Baruch College Educational Leadership Program Gets $700,000 In Grants For Clinical Internships
New York State and the Wallace Foundation Support New Initiative to Improve NYC Public Schools
(New York, NY, December 14, 2009) For the past decade, the work of faculty in Baruch College’s School of Public Affairs has fueled innovation and reform in New York City’s public school system. Educational strategies now being employed by Mayor Bloomberg and Joel Klein trace back directly to groundwork pioneered by current and former faculty in the College’s MSEd Leadership Program.
Building on earlier work that led to the creation of both the Leadership Academy and the Inquiry Teams that are now a standard feature of New York’s public schools, Lizabeth Gewirtzman, Distinguished Lecturer at SPA, has been named principal investigator of New York State and Wallace Foundation grants totaling nearly $700,000. The grants will support an ambitious new three-year collaborative program to enhance clinical internships in educational leadership and bring curricula into closer alignment with “on the ground” needs and realities of teachers and students in classrooms across the city. The hope is that the leadership strategies these internships embody and promote will drive fundamental changes in the culture of New York City’s public schools.
The newly funded initiative, called the Educational Leadership Program
Enhancement (ELPE), will create and support team leadership, rather than focusing on individuals. Its success or failure will be evaluated by what happens in the classroom—i.e., by actual improvements in the performance of students, particularly those students who have failed to progress, been difficult to engage and hard to teach. “We are trying to overcome the disconnect between theory and practice,” Gewirtzman said. “We are bottom-line oriented.”
Beginning in 2010, participants will work closely with the Inquiry Teams that now exist as reform catalysts within 1,500 New York City schools. The newly crafted 4-semester internships will be task-oriented, “very intensive practicums” that have as their initial goal moving struggling students to higher levels of performance. A further goal, according to Lizbeth Gewirtzman, is constant expansion of “the sphere of success,” beginning with a core group of students and faculty and gradually progressing to encompass an entire school and, eventually, an entire school system.
The newly funded ELPE proposal builds on an earlier Baruch College initiative, the influential Scaffolded Apprenticeship Model(SAM), also developed by faculty in the School of Public Affairs. SAM, which led directly to the creation of Bloomberg-Klein Inquiry Teams, was conceived of as a school building leadership preparation program that integrates leadership capacity building into the work of school improvement and succession planning. In addition to New York, schools in Boston and the Bay Area are implementing aspects of the SAM model, while several other cities, including Atlanta, have expressed interest in the program.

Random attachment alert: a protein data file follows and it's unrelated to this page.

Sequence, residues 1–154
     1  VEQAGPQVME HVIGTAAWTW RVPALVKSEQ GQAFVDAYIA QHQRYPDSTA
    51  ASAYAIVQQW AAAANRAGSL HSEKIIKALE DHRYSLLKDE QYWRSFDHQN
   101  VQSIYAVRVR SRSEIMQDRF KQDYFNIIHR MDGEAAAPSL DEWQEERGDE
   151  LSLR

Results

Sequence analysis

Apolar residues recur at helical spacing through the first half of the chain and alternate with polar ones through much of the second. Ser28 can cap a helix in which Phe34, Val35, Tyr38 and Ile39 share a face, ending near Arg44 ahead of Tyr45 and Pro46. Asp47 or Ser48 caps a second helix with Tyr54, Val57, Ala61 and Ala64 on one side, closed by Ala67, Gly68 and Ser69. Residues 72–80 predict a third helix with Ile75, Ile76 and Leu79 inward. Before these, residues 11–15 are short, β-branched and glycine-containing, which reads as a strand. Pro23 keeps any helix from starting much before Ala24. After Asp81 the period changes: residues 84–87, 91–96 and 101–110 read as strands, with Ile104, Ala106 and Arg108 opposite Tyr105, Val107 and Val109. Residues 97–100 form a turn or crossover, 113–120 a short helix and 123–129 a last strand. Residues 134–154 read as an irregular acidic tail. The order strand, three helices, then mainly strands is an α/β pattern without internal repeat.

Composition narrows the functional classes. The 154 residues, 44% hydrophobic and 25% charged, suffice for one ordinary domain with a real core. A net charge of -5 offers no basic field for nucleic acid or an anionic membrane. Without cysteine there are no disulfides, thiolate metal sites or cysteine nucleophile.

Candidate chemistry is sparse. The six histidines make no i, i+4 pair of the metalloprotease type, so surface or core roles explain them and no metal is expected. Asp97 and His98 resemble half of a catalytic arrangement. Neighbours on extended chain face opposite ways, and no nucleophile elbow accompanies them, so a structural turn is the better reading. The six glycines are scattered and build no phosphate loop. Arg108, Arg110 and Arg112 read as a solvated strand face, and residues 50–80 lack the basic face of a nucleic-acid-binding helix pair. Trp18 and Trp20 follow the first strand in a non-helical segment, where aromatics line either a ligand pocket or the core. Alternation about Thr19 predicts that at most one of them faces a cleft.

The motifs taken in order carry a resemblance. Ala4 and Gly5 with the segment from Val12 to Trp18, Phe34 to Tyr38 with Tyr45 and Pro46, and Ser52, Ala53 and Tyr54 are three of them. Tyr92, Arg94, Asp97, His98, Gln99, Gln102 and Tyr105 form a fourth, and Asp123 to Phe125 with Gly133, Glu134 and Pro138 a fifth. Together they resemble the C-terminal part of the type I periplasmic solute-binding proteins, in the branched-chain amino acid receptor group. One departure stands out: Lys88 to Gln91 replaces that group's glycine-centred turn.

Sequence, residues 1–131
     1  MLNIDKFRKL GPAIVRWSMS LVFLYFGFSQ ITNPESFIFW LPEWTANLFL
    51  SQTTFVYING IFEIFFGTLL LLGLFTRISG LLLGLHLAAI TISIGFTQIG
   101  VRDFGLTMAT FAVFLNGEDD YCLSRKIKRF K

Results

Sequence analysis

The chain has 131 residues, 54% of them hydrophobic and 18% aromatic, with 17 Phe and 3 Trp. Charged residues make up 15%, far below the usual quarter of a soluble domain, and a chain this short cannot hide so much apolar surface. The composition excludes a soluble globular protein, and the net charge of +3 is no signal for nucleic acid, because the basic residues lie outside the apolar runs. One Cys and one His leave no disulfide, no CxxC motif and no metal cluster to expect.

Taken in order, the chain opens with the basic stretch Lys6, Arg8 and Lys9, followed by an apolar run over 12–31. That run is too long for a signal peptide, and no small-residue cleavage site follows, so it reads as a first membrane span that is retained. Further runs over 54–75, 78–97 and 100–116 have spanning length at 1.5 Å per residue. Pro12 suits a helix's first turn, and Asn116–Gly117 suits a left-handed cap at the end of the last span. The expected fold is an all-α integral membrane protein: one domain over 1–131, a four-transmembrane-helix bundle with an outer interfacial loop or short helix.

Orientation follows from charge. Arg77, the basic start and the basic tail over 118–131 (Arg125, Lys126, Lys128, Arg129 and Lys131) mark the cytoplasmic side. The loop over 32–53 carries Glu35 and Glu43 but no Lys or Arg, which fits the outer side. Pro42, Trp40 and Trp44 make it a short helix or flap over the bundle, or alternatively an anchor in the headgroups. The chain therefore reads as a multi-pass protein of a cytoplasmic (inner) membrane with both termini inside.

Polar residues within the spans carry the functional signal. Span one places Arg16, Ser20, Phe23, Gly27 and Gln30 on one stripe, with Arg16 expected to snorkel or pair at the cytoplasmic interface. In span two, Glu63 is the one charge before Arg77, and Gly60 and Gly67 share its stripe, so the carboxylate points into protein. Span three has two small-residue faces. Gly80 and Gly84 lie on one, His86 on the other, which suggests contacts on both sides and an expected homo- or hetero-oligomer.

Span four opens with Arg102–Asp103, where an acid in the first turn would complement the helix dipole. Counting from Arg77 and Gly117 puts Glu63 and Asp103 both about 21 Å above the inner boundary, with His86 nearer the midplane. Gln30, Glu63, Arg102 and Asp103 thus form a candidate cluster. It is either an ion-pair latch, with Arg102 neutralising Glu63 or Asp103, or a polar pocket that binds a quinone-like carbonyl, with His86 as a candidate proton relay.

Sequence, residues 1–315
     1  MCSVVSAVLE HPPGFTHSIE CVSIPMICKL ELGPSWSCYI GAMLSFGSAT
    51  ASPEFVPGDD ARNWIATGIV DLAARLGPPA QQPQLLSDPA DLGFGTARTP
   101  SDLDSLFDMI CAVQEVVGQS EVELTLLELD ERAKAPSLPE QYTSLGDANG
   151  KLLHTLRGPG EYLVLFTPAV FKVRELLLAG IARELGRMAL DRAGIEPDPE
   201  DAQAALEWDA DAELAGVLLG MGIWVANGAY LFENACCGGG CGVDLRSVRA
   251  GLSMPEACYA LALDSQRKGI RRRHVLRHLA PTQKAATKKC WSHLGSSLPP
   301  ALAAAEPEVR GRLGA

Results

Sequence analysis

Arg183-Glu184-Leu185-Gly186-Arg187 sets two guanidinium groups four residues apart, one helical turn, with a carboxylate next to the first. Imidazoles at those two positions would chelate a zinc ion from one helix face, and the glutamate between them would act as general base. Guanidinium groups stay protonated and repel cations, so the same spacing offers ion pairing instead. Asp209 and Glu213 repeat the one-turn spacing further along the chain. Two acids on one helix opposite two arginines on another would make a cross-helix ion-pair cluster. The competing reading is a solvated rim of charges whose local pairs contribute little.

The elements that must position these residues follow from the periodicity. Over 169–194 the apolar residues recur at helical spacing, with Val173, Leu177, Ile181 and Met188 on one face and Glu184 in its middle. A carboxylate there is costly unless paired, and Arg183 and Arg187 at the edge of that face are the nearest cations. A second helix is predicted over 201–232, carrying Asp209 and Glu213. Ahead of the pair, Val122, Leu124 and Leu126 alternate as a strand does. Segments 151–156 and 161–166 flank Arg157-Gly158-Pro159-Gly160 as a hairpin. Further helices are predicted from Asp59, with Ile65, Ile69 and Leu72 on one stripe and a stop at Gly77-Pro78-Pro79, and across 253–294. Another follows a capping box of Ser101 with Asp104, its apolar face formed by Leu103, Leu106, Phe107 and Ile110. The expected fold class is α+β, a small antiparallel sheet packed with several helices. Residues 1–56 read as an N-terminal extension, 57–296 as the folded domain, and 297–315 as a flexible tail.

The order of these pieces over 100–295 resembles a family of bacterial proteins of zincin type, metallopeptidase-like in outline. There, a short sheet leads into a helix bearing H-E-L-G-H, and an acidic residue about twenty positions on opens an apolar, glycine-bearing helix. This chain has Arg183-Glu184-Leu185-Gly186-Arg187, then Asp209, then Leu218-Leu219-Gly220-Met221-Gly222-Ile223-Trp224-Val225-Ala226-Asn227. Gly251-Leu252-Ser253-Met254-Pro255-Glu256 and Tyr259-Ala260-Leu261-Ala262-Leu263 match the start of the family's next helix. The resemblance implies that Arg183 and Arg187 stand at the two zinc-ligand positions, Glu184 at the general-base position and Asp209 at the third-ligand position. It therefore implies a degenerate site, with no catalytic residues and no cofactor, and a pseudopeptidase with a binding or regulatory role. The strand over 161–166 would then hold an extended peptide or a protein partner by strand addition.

Lizbeth Gewirtzman is the co-author, with Sandra Stein, of Principal Training on the Ground: Ensuring Highly Qualified Leadership (2003). Prior to assuming her current position as CEO of the NYC Leadership Academy, Stein was an associate professor at Baruch College where, along with Gewirtzman, she developed the Aspiring Leaders Program (ALP) that was a precursor of the Leadership Academy, now a fixture on the education landscape.
The partners collaborating with Baruch on implementing ELPE include Brooklyn
College, Lehman College, The New York City Leadership Academy, the Weissman School of Arts and Sciences working with College Now, and the NYC Department of Education’s Division of Accountability and Achievement Resources.
The Baruch College School of Public Affairs trains students to assume leadership positions in a broad range of government and non-profit organizations. In addition to offering a variety of highly regarded master’s level programs, SPA offers on-site Leadership Development Programs to a variety of agencies in the New York metropolitan area. Organizations such as the United Way Junior Fellows Program, the Hispanic Federation Leadership Institute, the Health and Hospitals Corporation, and the New York City Housing Authority Leadership Academy have worked collaboratively with the Baruch School of Public Affairs to develop a new generation of leaders.
Contact: Zane Berzins